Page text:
Egypt was nominally a part of the Ottoman Empire until 1915. The British were at war with the Ottoman Turks and that year declared Egypt its protectorate. They deposed Egypt's khedive (governor-ruler), Abas II, who remained loyal to the Ottomans, and the British set up the khedive's uncle as the Sultan of Egypt, His Highness Husayn Kamil.
Egypt's ulama (Muslim scholars) administered Islam's sacred law while a chasm remained between the country's idle elite and its impoverished masses. Banking, finance and shipping were in the hands of the British and other foreigners – the French, Greeks, Armenians and others – who enjoyed the kind of extraterritorial rights commonly offered diplomats.
The ulama and various Islamists were annoyed with Britain's "Christian rule," and a broad segment of the population disliked the thousands of foreign soldiers in their country: British, Australian, New Zealanders and Indians. Egypt's Christians were also opposed to British rule. So too were Egyptian professionals. Egyptian bureaucrats disliked working under young Britons. In their opposition to Britain's presence in Egypt, civil servants, professors and journalists were keen on quoting British authors opposed to imperialism.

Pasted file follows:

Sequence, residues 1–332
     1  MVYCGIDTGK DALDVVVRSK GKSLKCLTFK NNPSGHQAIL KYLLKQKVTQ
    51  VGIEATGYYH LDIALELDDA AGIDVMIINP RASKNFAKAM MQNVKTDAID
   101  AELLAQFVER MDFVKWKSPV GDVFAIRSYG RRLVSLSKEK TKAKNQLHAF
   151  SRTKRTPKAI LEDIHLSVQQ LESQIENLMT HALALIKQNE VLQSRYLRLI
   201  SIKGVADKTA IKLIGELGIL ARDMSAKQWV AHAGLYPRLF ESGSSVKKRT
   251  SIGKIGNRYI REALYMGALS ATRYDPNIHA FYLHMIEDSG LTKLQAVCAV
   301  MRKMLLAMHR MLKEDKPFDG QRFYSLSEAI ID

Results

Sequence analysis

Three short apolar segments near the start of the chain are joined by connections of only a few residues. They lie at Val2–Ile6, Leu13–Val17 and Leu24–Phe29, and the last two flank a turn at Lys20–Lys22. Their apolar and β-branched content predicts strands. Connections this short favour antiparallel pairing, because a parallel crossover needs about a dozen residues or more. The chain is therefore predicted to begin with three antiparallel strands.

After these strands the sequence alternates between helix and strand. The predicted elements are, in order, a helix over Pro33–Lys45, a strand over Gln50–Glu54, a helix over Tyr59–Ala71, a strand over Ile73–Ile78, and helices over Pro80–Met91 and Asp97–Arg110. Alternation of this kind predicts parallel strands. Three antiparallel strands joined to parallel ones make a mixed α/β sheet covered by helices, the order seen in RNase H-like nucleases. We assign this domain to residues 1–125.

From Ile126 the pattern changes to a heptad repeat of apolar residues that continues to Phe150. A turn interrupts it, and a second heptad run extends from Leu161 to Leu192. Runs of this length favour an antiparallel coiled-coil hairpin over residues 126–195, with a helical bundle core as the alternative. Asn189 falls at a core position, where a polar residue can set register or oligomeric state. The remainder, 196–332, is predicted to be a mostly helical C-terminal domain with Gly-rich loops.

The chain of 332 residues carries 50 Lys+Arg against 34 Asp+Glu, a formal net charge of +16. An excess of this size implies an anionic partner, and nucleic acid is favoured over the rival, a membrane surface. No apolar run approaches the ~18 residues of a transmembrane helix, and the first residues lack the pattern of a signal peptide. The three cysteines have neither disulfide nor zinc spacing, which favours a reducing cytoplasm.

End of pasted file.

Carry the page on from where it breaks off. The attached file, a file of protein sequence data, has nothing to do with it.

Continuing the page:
During the war between the British and the Ottomans, common Egyptians suffered shortages and rising prices, and there was forced labor with the British sending laborers to their front against the Germans in France. But for the time being there was no organized opposition to the British presence in Egypt that advocated violence, and there were no riots. That would come after the war.
Copyright © 2001-2014 by Frank E. Smitha. All rights reserved.